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In studying the history of Christianity, and therefore, the historical context of the early Jesus Movement, which was obviously a Jewish context, I have been led to understand that in the first century, there was a popular form of Judaism now referred to as apocalyptic, or eschatological, Judaism.

Generally speaking, eschatological Jews believed the following:

  • The universe was a sort of cosmic battleground, and the forces of darkness, death, sin, and wickedness were doing battle with the forces of light, life, virtue, and righteousness.

  • God was still in control of this world in some ultimate sense. But for unknown and mysterious reasons he had temporarily relinquished his control to the forces of evil that opposed him.

  • This state of affairs would not go on forever. Soon - very soon - G-d would intervene directly.

  • He would soon send his emissary, occasionally referred to as the "Son of Man", but more often as the messiah.

  • The messiah would arrive in the world and usher in the Kingdom of G-d; he would then sit in judgment over mankind, both living and dead; the wicked would be laid low, and the righteous would be richly rewarded for their piety.

  • The Kingdom would be established, with its capital in Jerusalem, and Israel would take her place as the greatest of all nations.

  • The forces of darkness, death, sin, and wickedness would be crushed once and for all.

For a more comprehensive definition of apocalyptic Judaism, see the document linked here or here

At long last, we come to the point of all of this:

Does apocalyptic Judaism still exist today?

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    I'm not entirely sure what some of your terms mean (like "Son of Man"), but I'm not so sure that your claim that this isn't the mainstream belief in Judaism is true. If your definition of apocalyptic is "the world was approaching a drastic turning point. Wickedness and sin had grown to dominate much of the world's population, and soon, G-d would intervene directly," I think something similar to that is a mainstream opinion of modern Judaism. – Daniel Aug 17 '15 at 2:53
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    By the way, there are Jews today who actively search for red heifers. I'm not exactly sure why Christians would be looking for one unless they are planning on restarting the Temple service; but Jews want to have one in case the Messiah comes and rebuilds the Holy Temple in Jerusalem. Then we would need the red heifer to purify ourselves. – Daniel Aug 17 '15 at 3:00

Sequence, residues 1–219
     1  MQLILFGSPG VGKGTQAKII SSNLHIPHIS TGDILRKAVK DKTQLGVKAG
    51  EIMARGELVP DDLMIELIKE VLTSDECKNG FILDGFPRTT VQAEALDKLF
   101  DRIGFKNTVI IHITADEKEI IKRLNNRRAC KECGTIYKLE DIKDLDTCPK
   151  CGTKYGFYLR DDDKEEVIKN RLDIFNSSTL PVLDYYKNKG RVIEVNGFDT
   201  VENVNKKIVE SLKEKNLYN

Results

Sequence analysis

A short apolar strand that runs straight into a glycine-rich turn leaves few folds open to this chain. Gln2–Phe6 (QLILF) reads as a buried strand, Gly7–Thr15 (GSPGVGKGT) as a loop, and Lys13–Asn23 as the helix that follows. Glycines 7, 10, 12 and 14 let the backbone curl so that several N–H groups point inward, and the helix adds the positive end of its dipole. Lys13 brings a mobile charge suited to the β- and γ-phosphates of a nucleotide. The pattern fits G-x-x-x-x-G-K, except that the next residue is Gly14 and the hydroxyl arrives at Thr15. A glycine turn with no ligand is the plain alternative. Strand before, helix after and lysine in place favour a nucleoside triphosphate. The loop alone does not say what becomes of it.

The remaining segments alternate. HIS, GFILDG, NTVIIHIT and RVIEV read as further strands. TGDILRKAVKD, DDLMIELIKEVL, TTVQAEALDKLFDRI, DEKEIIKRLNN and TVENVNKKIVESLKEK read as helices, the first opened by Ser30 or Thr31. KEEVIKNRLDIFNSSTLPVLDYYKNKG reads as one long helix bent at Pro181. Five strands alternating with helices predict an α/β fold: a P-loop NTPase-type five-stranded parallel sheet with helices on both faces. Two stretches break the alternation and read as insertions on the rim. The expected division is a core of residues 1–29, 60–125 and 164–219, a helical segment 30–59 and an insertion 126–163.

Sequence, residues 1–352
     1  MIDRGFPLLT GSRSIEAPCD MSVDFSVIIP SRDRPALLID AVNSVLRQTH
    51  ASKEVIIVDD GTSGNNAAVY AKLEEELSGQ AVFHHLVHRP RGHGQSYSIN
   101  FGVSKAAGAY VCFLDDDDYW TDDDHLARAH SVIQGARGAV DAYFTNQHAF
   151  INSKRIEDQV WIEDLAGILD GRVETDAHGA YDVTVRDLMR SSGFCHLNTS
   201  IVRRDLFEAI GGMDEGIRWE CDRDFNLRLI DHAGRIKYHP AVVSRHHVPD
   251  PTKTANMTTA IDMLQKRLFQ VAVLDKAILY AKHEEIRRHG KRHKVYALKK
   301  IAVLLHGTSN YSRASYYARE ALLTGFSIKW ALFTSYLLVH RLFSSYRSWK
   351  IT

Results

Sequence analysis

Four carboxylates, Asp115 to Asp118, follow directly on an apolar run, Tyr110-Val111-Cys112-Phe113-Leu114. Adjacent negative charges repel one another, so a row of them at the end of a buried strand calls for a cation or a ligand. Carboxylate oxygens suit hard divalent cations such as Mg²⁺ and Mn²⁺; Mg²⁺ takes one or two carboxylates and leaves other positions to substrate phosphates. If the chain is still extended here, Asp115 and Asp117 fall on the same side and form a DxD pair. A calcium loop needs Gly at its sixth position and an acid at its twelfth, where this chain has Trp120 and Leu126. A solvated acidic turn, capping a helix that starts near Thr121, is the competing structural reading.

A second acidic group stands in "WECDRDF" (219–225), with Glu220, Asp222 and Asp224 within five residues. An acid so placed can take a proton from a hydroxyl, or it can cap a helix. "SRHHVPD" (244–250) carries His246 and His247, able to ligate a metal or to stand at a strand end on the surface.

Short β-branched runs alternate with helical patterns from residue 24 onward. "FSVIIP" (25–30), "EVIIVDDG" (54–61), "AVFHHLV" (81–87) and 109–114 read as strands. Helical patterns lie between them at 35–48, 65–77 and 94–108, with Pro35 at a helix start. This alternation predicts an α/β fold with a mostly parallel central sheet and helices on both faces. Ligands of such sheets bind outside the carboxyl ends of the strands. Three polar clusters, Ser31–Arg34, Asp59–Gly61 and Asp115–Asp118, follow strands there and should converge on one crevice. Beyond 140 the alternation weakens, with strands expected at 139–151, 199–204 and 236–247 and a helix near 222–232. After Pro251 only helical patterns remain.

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    @HodofHod Yes these apocalyptic Jews left lots of writings. Some of which are extant in the dead sea scrolls, talking about the end of days, for which people wouldn't have sex or have kids for fear that they wold be impure when God would come to destroy the world. – Aaron Aug 17 '15 at 16:58
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    @WadCheber "But for unknown and mysterious reasons he had temporarily relinquished his control to the forces of evil that opposed him." Sorry, but this is a Christian idea. In Judaism, G-d wants the "evil" to test us, and then we'd be deserving of reward or as punishment. But the evil does not oppose him. – user613 Aug 17 '15 at 21:18
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    @user613 Saying that the dead sea scrolls are unreliable because their Chumash is different than ours doesn't prove they are unreliable, all it says is that someone's text is unreliable, and it could be ours. Why could it be ours? Because many of the dead sea scrolls also reflect what we know and find in the Septuagint. Things we thought were bad Greek translations turned out to have valid Hebrew sources. – Aaron Aug 17 '15 at 22:21
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In my opinion, apocalyptic Judaism no longer exists. Sects like those at Qumran no longer exist, and no one is writing in the apocalyptic style (books of Daniel, Enoch, Revelations, and many of the scrolls of Qumran). We can debate all day long as to why. Maybe Jews were tired of predicting the end, but the end never came. Maybe the entire consensus shifted on what we should be focusing on? Maybe after x-amount of false messiahs we're just jaded? Who knows.

But the scholarly discussion of apocalyptic Judaism no longer seems to exist.

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